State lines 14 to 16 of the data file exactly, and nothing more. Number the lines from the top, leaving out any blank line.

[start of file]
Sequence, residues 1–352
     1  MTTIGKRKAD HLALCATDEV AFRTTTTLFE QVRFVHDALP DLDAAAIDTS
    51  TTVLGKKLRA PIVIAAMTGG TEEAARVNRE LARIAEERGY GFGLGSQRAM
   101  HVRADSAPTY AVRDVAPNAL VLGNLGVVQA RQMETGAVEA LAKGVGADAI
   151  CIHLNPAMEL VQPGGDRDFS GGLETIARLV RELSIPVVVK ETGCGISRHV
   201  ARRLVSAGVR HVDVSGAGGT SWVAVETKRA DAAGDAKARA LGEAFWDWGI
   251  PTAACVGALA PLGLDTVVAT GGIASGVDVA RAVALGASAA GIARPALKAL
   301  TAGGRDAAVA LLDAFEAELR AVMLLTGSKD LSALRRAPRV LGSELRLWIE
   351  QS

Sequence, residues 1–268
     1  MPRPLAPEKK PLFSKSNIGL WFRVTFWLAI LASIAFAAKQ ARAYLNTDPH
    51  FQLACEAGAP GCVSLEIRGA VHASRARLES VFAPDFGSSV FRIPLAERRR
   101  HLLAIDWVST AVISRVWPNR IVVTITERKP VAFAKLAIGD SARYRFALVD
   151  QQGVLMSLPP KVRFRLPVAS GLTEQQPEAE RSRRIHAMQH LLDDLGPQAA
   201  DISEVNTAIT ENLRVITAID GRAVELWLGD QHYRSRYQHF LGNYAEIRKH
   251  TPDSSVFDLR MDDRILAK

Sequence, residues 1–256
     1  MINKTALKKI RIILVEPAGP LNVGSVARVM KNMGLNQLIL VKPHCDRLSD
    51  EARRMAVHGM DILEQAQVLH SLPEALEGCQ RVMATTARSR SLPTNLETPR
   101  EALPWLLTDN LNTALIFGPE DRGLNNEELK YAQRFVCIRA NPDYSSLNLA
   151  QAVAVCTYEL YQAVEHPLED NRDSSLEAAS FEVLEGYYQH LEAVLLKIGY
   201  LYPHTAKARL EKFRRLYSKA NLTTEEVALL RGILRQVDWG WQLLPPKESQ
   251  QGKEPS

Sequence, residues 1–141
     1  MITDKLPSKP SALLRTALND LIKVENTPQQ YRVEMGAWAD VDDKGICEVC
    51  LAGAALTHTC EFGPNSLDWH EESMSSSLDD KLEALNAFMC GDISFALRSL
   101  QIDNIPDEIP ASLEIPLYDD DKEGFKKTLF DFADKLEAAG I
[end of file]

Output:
   151  QQGVLMSLPP KVRFRLPVAS GLTEQQPEAE RSRRIHAMQH LLDDLGPQAA
   201  DISEVNTAIT ENLRVITAID GRAVELWLGD QHYRSRYQHF LGNYAEIRKH
   251  TPDSSVFDLR MDDRILAK